EXCLUSIVE-Poland to get higher payouts from state firms-document
(Adds quotes from deputy minister, context, PZU share price)
WARSAW, Aug 21 (Reuters) - Poland has increased the amount it will collect in dividends from state-controlled firms this year by almost one fifth, documents seen by Reuters showed, the latest move to fill a budget gap at the expense of blue-chip companies.
Some investors accuse the government of a heavy-handed approach to dividends, which deprives the country's biggest companies such as insurer PZU, lender PKO or copper miner KGHM of funds to invest in their businesses.
They say it is part of a wider pattern of the state asserting more influence over companies it controls.
Confronted by slowing economies, other countries in ex-Communist eastern Europe have also shifted more of the burden for funding the state onto businesses. The trend in Poland is especially striking because it has a reputation as a model for liberal, pro-market policies.
The government on Tuesday approved a draft revision to the 2013 budget to reflect the fact that revenue is lower than expected because of the economic slowdown. The budget gap increased to 51 billion zlotys from 35 billion last year.
The revised budget has not been made public, but Reuters has seen a copy that showed the finance ministry aims to collect 6.9 billion zlotys ($2.2 billion) in dividend income, around 1 billion more than in the original 2013 budget.
The treasury ministry said it could seek special interim dividends to add to the approximately 5.5 billion zlotys in payouts company shareholders have already approved.
It did not elaborate on which companies would pay the special dividends or how big they would be.
Commenting on government policy, a fund manager at one of Poland's top pension funds who is invested in state-backed firms said: "I worry about the increasingly aggressive government that once was proud of its liberal approach to the market."
The ministry, which oversees state assets, says it is still pro-business. "Our goal is not to drain the companies and be predatory, but to take care of the value of the companies in a certain time-frame," Deputy Treasury Minister Pawel Tamborski said in June.
Investors and analysts point to a series of other steps they say have the effect of increasing state influence over big businesses:
* The treasury ministry has changed the corporate statutes of its main listed firms to give itself a more dominant voice at the expense of minority shareholders, even as it cuts its holdings. "We're especially concerned with the changes to statutes that limit the voice of minority shareholders," said the pension fund manager.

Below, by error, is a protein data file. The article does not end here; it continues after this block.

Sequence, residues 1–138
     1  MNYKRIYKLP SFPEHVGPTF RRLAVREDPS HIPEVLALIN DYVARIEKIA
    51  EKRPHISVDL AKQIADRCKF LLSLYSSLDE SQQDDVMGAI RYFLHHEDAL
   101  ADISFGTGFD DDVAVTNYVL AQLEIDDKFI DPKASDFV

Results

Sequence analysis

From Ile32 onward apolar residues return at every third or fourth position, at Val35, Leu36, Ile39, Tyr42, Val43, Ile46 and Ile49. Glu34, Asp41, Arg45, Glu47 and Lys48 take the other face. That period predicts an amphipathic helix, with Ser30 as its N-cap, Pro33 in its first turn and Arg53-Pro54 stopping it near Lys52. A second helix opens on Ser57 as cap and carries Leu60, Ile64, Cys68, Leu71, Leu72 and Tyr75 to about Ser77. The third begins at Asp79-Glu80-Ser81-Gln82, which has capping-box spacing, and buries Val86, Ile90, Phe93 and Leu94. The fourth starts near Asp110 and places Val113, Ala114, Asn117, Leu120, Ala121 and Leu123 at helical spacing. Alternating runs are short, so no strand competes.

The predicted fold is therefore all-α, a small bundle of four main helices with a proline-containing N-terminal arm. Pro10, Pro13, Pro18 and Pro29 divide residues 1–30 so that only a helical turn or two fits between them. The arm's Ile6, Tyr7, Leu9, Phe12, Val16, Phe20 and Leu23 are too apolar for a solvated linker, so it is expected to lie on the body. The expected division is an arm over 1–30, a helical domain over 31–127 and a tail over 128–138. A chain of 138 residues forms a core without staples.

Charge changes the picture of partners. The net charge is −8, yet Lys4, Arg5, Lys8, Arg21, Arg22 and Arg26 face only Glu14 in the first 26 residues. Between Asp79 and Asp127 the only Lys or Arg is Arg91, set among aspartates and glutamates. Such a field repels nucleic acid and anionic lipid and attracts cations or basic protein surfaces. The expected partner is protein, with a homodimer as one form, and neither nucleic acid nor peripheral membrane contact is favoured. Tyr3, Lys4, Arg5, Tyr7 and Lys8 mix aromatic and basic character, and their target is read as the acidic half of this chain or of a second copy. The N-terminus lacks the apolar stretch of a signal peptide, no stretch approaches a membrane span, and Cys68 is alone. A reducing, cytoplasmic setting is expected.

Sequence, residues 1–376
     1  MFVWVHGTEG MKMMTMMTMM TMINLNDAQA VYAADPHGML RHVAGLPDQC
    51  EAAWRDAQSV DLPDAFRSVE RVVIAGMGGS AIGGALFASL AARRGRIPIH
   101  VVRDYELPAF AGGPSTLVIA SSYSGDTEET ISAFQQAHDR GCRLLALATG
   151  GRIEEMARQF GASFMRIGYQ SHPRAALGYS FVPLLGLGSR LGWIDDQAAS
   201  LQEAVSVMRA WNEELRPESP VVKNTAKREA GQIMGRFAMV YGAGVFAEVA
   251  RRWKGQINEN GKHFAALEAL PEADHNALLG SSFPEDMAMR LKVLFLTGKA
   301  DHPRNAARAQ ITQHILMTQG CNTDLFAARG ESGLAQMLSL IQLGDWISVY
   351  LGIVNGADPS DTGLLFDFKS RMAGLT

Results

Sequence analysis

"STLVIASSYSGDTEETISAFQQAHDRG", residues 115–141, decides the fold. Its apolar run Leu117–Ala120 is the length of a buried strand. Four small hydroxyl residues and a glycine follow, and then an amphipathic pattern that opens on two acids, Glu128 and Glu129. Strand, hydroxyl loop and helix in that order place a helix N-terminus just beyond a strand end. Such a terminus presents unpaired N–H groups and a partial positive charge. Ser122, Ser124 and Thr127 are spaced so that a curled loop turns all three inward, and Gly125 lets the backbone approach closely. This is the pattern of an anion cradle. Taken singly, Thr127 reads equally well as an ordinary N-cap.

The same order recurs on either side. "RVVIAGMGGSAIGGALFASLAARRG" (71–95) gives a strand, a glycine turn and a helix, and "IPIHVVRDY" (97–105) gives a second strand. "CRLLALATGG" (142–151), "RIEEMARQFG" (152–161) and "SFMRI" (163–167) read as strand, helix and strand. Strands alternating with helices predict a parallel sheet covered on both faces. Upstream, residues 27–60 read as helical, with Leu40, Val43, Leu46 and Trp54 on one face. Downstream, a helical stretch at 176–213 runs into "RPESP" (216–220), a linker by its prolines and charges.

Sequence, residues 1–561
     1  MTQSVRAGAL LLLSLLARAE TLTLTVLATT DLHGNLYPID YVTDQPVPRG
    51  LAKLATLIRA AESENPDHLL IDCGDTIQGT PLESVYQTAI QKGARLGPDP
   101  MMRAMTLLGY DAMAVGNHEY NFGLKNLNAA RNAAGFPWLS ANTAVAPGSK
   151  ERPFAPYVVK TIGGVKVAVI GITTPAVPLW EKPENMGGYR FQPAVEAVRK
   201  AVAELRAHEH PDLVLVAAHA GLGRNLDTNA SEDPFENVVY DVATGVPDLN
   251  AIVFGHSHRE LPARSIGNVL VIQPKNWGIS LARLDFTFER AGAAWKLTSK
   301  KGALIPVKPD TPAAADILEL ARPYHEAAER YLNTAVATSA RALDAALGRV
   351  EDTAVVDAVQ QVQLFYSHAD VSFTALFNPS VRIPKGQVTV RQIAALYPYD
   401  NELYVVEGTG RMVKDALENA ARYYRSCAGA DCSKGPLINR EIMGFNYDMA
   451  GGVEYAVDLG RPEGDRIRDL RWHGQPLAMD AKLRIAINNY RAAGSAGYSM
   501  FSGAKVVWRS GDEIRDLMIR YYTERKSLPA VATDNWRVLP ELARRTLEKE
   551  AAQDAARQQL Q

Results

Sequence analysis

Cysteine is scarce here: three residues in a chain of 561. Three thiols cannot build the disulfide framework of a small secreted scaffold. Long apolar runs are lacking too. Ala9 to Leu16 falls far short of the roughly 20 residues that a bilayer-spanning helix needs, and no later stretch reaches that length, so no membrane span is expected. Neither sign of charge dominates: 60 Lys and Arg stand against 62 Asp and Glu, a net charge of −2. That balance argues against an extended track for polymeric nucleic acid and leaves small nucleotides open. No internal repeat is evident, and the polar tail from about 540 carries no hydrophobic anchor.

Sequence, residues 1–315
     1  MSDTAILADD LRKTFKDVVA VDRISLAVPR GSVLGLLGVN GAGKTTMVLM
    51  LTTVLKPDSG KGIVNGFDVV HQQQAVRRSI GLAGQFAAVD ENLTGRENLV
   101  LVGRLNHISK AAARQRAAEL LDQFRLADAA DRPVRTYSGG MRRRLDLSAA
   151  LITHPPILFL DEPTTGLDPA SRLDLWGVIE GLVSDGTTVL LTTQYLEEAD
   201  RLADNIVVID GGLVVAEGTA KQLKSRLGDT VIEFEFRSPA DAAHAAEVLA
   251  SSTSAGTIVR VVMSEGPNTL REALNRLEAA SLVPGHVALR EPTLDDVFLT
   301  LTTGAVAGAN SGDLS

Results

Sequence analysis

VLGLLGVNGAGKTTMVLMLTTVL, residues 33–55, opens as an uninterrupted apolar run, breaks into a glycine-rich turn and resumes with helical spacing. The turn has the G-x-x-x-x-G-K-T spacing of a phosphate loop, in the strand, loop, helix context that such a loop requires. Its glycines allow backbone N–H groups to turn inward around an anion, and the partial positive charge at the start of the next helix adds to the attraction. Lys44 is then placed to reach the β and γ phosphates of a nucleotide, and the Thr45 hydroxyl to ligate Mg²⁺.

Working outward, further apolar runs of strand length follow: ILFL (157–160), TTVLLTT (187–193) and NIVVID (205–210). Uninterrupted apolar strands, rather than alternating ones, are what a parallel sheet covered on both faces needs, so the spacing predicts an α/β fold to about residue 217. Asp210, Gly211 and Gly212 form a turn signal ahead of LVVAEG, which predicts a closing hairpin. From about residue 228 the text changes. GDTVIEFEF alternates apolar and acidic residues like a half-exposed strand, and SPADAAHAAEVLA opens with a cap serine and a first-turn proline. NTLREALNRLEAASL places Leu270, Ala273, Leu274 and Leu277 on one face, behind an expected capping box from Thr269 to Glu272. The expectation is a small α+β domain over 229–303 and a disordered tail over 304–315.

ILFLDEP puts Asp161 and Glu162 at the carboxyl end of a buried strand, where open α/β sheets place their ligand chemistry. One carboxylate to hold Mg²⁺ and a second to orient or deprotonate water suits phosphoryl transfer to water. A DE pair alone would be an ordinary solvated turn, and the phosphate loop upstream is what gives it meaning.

* The government has leaned on utility PGE to reconsider its decision not to build a power plant the company deems unprofitable. The government views the power plant as a strategic priority.
* It has exerted pressure on several state firms to invest in shale gas exploration, although the commercial prospects are uncertain and some of the firms have no background in energy exploration.
* The government is preparing a reform of the state pension system which could involve transferring some assets from private funds into a state-run vehicle.
The Polish government earned 4.5 billion zlotys from dividends in 2010, rising to 5.2 billion zlotys in 2011 and 7.8 billion zlotys last year.
The shareholders of deep-pocketed PZU have already agreed a dividend of 2.56 billion zlotys, or nearly its entire 2012 profit, of which 900 million zlotys flowed to state coffers.
PZU shares, which have risen by a fifth over the last month on speculation it would have to pay an interim dividend later this year, gained 2.6 percent on Wednesday. The insurer's management have previously denied such plans.
Short-term investors cheer plans for dividends, which mean quick cash payouts, while long-term players worry they could hurt future growth.
(Additional reporting by Adrian Krajewski and Marcin Goettig; Editing by Christian Lowe and Erica Billingham)